We select the table name (see above).

Once again, we are returned to our “OLE DB Destination Editor” (see above).

Clicking the “Mappings” tab (see above) we note the one to one mapping of the fields in the source Excel spreadsheet to the fields within the database table (see above).

We click “OK to leave the dialog box and find ourselves back on the drawing surface.

Loading the data

All that remains is to load our raw data from the spreadsheet that the client maintains, into our database table.

We do so by clicking the “Debug” tab (as we are running the package manually). Normally the load would be scheduled utilizing the SQL Server Agent.

The big GOTCHA!!!

Should you be running a 32-bit installation, then the load WILL FAIL with the ugliest error message. We must first change the “Debug Option” property “Run64BitRunTime” from true to False (see above).

Clicking the “Debug” option and “Start Debugging” we are able to load our data into the table (see above).

Looking at the table that we just populated within our database, we find the following (see above).

Getting to the meat on the bone

With the data present within the database table we are now in a position to craft our T-SQL query. The complete code listing may be found in Addenda 1.

We begin by declaring a few variable. The reader will note that there wads of these variables and this was the most efficient however not the most effective manner in which to create the query. The total record volume would be under 10,000 and that said, including time deadlines, I opted for the “good ole quick and dirty”.

Once again I have spent many years working with Oracle (which is cursor based). Although we hate these ‘animals’ there are times when they do come in handy. When your data resides in a temporary table and there is little to no chance of locking production tables, I am of the opinion that there is little risk.

Having declared all the necessary variables and having my data available to me, I declare a table variable called “Weekly Values”. The table variable will contain:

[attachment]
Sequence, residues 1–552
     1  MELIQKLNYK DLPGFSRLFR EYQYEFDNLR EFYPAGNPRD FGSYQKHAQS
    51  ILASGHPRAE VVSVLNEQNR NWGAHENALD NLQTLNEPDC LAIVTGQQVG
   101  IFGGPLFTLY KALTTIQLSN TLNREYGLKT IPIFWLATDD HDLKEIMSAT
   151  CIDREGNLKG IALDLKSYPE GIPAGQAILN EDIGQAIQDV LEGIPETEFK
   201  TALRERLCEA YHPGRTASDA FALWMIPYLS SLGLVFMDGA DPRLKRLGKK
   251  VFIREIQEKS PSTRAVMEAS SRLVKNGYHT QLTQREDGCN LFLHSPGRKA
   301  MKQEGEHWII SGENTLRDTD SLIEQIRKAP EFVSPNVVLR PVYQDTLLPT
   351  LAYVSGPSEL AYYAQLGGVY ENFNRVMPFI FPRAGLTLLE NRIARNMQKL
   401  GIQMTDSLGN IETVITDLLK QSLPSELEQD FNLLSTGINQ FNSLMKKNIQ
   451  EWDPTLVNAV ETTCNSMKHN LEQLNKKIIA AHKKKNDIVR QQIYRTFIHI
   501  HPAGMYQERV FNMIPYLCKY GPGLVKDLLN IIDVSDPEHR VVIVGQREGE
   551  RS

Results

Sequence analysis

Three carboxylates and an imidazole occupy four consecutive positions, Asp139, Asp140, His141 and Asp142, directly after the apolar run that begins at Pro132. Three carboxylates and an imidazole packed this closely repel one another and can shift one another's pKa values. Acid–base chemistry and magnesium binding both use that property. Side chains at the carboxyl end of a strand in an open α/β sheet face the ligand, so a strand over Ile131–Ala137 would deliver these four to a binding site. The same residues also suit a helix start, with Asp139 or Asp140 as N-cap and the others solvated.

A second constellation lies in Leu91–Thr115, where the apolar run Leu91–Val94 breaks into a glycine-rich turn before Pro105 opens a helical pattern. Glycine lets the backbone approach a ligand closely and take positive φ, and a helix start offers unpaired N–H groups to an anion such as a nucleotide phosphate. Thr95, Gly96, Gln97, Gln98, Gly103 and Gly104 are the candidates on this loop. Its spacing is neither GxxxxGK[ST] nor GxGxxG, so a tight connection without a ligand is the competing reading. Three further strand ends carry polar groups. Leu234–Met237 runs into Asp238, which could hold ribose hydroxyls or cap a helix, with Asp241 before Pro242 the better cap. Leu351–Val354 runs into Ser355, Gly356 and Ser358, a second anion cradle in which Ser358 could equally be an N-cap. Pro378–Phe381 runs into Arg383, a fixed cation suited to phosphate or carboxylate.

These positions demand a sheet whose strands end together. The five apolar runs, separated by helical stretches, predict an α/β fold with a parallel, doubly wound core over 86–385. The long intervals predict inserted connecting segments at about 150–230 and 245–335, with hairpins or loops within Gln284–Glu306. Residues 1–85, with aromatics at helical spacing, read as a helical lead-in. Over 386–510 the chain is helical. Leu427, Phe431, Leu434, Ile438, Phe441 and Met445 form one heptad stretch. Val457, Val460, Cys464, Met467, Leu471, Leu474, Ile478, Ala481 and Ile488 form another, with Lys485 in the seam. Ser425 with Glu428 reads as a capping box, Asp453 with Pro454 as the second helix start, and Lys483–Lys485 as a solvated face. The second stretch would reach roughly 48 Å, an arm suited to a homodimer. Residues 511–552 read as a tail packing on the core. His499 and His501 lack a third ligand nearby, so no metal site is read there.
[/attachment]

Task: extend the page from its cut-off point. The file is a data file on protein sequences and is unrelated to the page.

1. The clients workgroup name (e.g. Inside Sales)
  2. The lead number (an ordinary integer and not really relevant to our discussion)
  3. The name of the employee (e.g. Steve Ven)
  4. The amount of sales calls made (for that week)
  5. The number of the current week (e.g. January 5 would be week 1)
  6. A sorter integer field to ensure that an imaginary person called “GOAL” is the last vertical line on the chart when we look at each week. Any other folks get a sorter value of 1.

The guts of the cursor

We open the cursor and place the value of table field “Week01” into variable @Week01 and “Week02” into variable @Week02 etc. This is achieved through “Case Logic”

We carry a counter as we are going to loop through 52 times. The ‘eagle-eyed’ reader will tell us that any given year has approximately 52.5 weeks. To keep our chat simple, we shall assume that there are only 52 weeks in any given year. This will make more sense in a few seconds.

The case logic may been seen below:

What all of this achieves is to pivot our data from the format shown in the client’s spreadsheet to a format more conducive to charting.

Sample from the clients spreadsheet

Steve Ven102030
Fred Smith204060

Format required for charting

NameWeek NumberValue
Steve Ven110
Fred Smith120
Steve Ven220
Fred Smith240
Steve Ven330
Fred Smith360

How does this really work?

The main processing occurs within the while loop (which in itself is an integral part of the cursor).

With the ‘current employee’, we utilize his name, the solutions area (to which he belongs), and the lead to which he was following. On the first pass through the loop, the counter has a value of 1 and therefore the value contained within the variable “Weekvalue” contains the value for the table field “Week01” (see the case logic within the code listing in Addenda1). The entire record the then written to the table variable and then the counter incremented by 1. As long as the incremented counter has not reached 53 then iteration continues with the next value being 2 (in our case). Obviously, the first part of our record retains the same solutions area, name, and lead. The only value that changes is the value of “Weekvalue”. It now takes the value of the database table field “Week02” (for THAT employee).

Once the counter has reached 53, we break from the loop and we find ourselves back in the main “fetch” of the cursor. The next employee is then obtained and so the cycle continues until we run out of employees.